Colton Turner: A-Advanced Dunedin reliever.
Jon Wandling: It wouldn't be out of the realm of possibility for Jon, who made only three starts for Lansing, to return to the Midwest League. I wouldn't mind it, he's a heck of an engaging guy. Otherwise, ship him up to Dunedin!

A rather blind but educated guess at the 2016 Lansing Lugnuts starting rotation, best-case scenario:
  1. Jon Harris, 2015 1st-round draft pick, Blue Jays #2 prospect
  2. Ryan Borucki, 2012 15th-round draft pick, Blue Jays' #11 prospect
  3. Clinton Hollon (following suspension), 2013 2nd-round draft pick, Blue Jays' #13 prospect
  4. Angel Perdomo, international free agent, Blue Jays' #28 prospect
  5. Tayler Saucedo, 2015 21st-round draft pick, 4-2 / 2.48 in pro debut between Bluefield/Vancouver
Honorable mentions: a returning Chase Mallard and Jon Wandling; an ascending Francisco Rios and Evan Smith (Jays' #27 prospect) from Vancouver; a super-ascending Juliandry Higuera, Miguel Burgos and Geno Encina from Bluefield.

PITCH Talks, tomorrow night in Toronto!

If you happen to be in Toronto tomorrow, come see me at Rogers Centre!
(Use the code "RBI" and get $5 off your ticket purchase!)
Our schedule:
  • 5:30 - Arden Zwelling & Kristina Rutherford on David Price
  • 5:45 - Jays & Rays Panel with Shi Davidi, Marc Topkin, and Bill Chastain, moderated by Arden Zwelling
  • 6:15 - Report from the Farm with Jesse Goldberg-Strassler, moderated by Arden Zwelling
  • 6:45 - Wrap Up
  • 7:00 - Blue Jays baseball!

Tuesday, September 22, 2015

Blue Jays prospecting, looking toward 2016

This beautiful photograph was taken by Kyle Castle. From left to right: D.J. Davis, Boomer Collins and Ryan McBroom.
Consider that trio sitting in the dugout, looking out to the field and their future:
  • D.J. Davis was a first-round draft pick in 2012. He's grinding his way forward, his talent intact, working to live up to the high expectations that were placed upon him by his selection and signing bonus. He's 21. He's considered a prospect.
  • Boomer Collins was a nondrafted free agent in 2013. He's married. He's worked in refrigerator repair, and he's worked as a milkman. Baseball is his dream, but he's now 25. He's considered a non-prospect.
  • Ryan McBroom was a 15th-round draft pick in 2014. He was a non-prospect, I'd argue, and then this year happened, and he showed his skills as the best hitter in the Midwest League from Opening Day through the postseason, earning league MVP. (Let it not be forgotten that he batted .400, 8-for-20, in the playoffs.) (Let it also not be forgotten that D.J. Davis batted .474, 9-for-19, in his own right.) McBroom is 23. He is now considered a borderline prospect.

Dating back to a deal for Josh Donaldson during the 2014-15 offseason, the Blue Jays have made five significant trades of Minor League talent for Major League talent:
  1. On November 28, 2014, they traded infielders Brett Lawrie and Franklin Barreto and pitchers Sean Nolin and Kendall Graveman to Oakland for Donaldson.
  2. On July 28, 2015, they traded pitchers Jeff Hoffman, Miguel Castro and Jesus Tinoco to Colorado for Troy Tulowitzki and LaTroy Hawkins.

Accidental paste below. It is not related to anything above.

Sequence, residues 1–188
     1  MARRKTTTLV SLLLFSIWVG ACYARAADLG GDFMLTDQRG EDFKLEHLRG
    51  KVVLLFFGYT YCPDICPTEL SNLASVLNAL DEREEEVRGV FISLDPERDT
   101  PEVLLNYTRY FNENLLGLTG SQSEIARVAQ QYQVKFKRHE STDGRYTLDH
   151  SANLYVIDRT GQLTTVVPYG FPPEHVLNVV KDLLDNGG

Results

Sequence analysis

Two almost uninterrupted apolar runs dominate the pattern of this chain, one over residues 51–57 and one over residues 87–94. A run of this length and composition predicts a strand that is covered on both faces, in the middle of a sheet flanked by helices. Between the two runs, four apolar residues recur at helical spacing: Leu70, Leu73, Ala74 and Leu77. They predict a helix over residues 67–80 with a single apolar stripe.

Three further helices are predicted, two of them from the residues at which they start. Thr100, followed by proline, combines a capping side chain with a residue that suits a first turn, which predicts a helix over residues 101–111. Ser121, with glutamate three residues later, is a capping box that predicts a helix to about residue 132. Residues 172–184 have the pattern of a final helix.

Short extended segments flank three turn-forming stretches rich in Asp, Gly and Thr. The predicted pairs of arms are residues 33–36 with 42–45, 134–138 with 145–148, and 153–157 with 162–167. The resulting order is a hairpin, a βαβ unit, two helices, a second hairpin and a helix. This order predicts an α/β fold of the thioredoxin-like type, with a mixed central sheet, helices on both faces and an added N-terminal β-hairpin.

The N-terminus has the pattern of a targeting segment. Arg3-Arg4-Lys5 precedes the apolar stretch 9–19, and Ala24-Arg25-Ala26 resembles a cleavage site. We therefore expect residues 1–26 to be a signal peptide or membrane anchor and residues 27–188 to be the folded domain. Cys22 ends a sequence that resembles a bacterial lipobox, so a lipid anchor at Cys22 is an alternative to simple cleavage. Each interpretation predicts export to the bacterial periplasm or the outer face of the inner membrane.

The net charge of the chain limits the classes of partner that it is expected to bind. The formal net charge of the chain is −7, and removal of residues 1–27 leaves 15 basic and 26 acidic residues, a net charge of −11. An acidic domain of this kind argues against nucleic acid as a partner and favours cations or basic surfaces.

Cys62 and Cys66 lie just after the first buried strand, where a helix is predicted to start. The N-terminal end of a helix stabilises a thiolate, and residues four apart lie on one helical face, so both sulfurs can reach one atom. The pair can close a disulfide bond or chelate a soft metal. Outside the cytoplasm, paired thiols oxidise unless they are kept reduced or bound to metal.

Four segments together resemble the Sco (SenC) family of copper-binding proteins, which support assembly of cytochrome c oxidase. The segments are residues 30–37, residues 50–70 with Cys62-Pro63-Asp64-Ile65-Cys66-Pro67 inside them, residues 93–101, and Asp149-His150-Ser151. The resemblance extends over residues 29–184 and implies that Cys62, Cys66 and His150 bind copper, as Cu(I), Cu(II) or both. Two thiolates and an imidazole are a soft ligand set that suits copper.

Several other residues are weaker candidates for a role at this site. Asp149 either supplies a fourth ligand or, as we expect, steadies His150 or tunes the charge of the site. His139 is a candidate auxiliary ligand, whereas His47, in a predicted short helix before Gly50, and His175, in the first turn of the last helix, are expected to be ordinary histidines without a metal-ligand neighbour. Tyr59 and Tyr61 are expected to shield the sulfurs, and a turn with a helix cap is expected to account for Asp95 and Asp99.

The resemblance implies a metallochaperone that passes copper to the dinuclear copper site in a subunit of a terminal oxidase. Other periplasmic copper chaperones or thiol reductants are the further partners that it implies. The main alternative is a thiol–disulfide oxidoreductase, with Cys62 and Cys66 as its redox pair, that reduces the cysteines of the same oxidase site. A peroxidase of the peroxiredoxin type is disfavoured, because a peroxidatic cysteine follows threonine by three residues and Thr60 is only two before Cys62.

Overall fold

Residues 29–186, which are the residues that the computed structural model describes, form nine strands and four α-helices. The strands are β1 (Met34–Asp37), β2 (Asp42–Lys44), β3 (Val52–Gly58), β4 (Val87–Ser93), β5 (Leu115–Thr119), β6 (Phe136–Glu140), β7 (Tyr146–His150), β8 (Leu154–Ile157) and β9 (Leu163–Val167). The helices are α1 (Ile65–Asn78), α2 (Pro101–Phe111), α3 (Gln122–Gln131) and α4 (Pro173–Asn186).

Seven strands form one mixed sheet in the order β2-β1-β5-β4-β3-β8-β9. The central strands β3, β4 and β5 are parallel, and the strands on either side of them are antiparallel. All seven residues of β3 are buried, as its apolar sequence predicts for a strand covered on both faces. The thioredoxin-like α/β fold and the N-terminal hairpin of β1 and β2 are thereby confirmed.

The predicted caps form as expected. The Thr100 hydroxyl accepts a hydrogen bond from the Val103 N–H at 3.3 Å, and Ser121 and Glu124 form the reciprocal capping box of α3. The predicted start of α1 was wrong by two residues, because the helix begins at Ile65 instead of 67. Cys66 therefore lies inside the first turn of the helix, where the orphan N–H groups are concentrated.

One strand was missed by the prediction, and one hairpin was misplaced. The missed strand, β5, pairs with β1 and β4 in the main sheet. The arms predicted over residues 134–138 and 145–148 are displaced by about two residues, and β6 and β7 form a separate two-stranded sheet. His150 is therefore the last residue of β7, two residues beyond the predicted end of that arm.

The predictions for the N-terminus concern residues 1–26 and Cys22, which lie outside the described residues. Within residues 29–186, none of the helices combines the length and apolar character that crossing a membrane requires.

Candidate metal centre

3. On July 30, 2015, they traded pitchers Daniel Norris, Matt Boyd and Jairo Labourt to Detroit for David Price.
  4. On July 31, 2015, they traded pitchers Jacob Brentz, Nick Wells and Rob Rasmussen to Seattle for Mark Lowe.
  5. That same day, they traded pitchers Alberto Tirado and Jimmy Cordero to Philadelphia for Ben Revere.
Let me also add a pair of not-as-significant deals: shortstop Dawel Lugo for Arizona utility infielder Cliff Pennington, and pitcher Chase De Jong and infielder Tim Locastro to the L.A. Dodgers for international free agent signing slots in order to ink 16-year-old Vladimir Guerrero, Jr., the top hitter on the market.
17 Minor Leaguers traded. If they had all been kept, there is no doubt in my mind that Barreto, Graveman, Hoffman, Castro, Tinoco, Norris, Labourt, Tirado and De Jong would all have made the 2016 Toronto Blue Jays' top prospect list (with Lugo close, Brentz and Wells also serving as possibilities, and Cordero continuing to throw 100 mph while Locastro proves magical wherever he goes).
The current MLB.com prospect list (source: http://m.mlb.com/prospects/2015?list=tor) looks a little like this:
Rolling our way through the 30:
  1. Dalton Pompey - He'll be in the Major Leagues to stay next year as starting OF for Toronto.
  2. Jonathan Harris - The pressure will be on, the spotlight bright, as the Jays' 2015 first-rounder hits full-season ball. I wouldn't be surprised if he skipped right to Dunedin and ended the season in New Hampshire.
  3. Anthony Alford - YOUR New Hampshire Fisher Cats starting center fielder.
  4. Sean Reid-Foley - The biggest arm in the system heads back to Dunedin. (If he excels, here's your top trade-bait bargaining chip.)
  5. Max Pentecost - 2015 was lost because of injury. The first-round catcher aims to get back on the horse in 2016, but expectations should be tempered in the first half.
  6. Vladimir Guerrero, Jr. - Let's just agree to ignore young Vlad in the early-going. In 2017-2018, we'll check back in and see how he's progressing.
  7. Richard UreƱa - YOUR Dunedin Blue Jays switch-hitting starting shortstop.
  8. Rowdy Tellez - YOUR New Hampshire Fisher Cats starting first baseman.
  9. Conner Greene - A surprising 2015 saw the 20-year-old Greene catch helium, improve his mph to 96, and jump up to Double-A. His learning curve can't continue, can it?
  10. Mitch Nay - The last two years have seen Nay disappoint compared to what was expected of him. He's only 22, he'll be moving up to Double-A, and he's now moving firmly below the radar.